Many childhood fantasies start to lose their allure once the realism of adulthood sets in. However, even as an adult, it’s hard to deny the appeal of stumbling upon a cache of sunken treasure. Finding valuables that were lost at sea surely would lead to fame and fortune … right?
Actually, the reality is a lot more complicated. “Finders keepers” rules don’t really apply to sunken treasure. While the thrill of discovery is still yours, you may not get to keep any tangible spoils from your find.
So, what really happens if you’re lucky enough to stumble across sunken treasure? Here’s the weird fascinating truth.
The Laws of Salvage
Once you’ve left the constraints of land and set out upon the sea, you’re subject to maritime law. And, if you happen to find sunken (or floating) treasure, maritime salvage laws typically govern what happens next.
In the United States, salvage laws date back to San Francisco in 1867. A British ship in the harbor was on fire, and a steam tug assisted the fire department in putting it out. The steam tug’s owner went to court to seek a reward from the British ship’s owners, and the first U.S. salvage award was granted. Today, salvage awards still offer financial compensation for those who successfully rescue ships and other items from peril at sea.
Salvage laws exist not just to govern found treasure, but also to incentivize people at sea to help each other out. If you discover a struggling or submerged ship or other property on the sea, and salvage it, you become the “salvor.” Meaning, you’re legally responsible for returning the ship or other property to its rightful owner, and the owner is legally responsible for fairly compensating you for your actions.
This compensation gives people a reason to help when they have no other connection to a struggling vessel. Usually, this compensation is a percentage of the value of what you salvaged. The harder or more dangerous the salvage process is, the greater the potential reward should be.
For salvage law to apply, you must be rescuing ships or goods from potential danger. (You can’t just “salvage” a boat that’s floating along like normal.) You also must be successful in rescuing the goods to get compensated. There’s no salvage payment for “I tried.”
Lastly, you need to contact the owner and attempt to return the salvaged goods in exchange for your reward. If you don’t make an effort to return what you salvaged, it becomes theft instead.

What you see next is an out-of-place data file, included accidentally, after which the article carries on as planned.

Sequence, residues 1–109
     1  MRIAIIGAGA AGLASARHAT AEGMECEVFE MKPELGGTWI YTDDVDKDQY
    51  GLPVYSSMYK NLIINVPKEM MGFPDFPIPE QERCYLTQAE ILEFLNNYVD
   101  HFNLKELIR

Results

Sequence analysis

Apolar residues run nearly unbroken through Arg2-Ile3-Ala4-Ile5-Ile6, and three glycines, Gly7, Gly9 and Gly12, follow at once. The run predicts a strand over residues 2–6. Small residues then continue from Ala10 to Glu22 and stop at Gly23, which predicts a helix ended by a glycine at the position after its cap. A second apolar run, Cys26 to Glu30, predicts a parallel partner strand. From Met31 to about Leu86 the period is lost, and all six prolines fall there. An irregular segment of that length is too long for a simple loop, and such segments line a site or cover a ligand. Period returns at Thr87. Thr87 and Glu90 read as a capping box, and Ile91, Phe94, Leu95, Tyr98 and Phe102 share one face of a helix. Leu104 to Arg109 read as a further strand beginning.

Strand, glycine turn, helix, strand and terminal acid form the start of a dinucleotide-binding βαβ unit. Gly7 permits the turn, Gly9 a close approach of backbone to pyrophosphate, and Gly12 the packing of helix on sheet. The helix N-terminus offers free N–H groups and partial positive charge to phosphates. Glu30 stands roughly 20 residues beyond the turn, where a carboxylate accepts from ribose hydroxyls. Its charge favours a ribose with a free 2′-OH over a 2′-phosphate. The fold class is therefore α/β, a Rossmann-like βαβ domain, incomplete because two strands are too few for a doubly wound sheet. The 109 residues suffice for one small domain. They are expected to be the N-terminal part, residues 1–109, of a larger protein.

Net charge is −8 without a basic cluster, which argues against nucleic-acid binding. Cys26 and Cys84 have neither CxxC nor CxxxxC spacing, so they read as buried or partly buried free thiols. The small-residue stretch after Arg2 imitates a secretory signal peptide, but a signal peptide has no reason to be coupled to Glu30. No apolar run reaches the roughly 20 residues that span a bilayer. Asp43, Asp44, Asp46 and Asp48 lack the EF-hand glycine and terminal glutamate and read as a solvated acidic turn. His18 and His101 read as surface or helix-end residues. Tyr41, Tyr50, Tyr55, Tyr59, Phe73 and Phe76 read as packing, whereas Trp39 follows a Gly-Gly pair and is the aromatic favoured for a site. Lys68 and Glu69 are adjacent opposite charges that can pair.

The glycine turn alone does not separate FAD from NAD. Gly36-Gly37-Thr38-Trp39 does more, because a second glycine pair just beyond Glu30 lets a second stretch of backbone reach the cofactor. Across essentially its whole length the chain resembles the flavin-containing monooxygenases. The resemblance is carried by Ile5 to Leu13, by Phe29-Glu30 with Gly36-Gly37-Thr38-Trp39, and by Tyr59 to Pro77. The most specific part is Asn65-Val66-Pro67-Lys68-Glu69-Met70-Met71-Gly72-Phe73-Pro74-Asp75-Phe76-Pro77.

So, You’ve Found Sunken Treasure—Now What?
If you’ve found something valuable at sea or washed up on shore, the first thing to do is to salvage it carefully, minimizing damage. Some salvage jobs can be accomplished by amateurs, while high-risk endeavors (like saving a boat from stormy seas) are best left to the experts.
Once you have the salvaged goods, your next step is to try to find the owners—and to document the process. Keep written records of your efforts to return the goods, so you’ll be able to prove that you weren’t trying to steal what you found.
Sometimes, though, it’s not clear who actually owns the salvaged goods, as in the case of long-lost sunken treasure. In this case, international agreements will likely kick in. Countries may need to invoke international law to resolve disputes, such as whether the original owner, or the owner of the waters in which the lost treasure was discovered, gets to keep it.
Also, a difference exists between salvage and treasure hunting. If you stumbled upon sunken treasure purely by accident, you can be considered the salvor. But, if you went out looking for treasure in order to make money, salvage laws no longer apply. In that case, you must hope that what you find is so old or mysterious that the rightful owners will never come forward. And, if you made the discovery in territorial waters, be prepared to give up the treasure to the government in charge of those waters.
Whether you’re a treasure hunter or a salvor, and no matter where you discovered the bounty, know that you always need to report any treasure or valuables found at sea. If you keep it a secret and get caught, you could find yourself in legal hot water (pun intended).
One thing’s for sure—even if you do find sunken treasure, the chances of keeping it yourself are slim to none. But, in many situations, you may be able to use salvage law to get compensated for the find, which surely is better than nothing.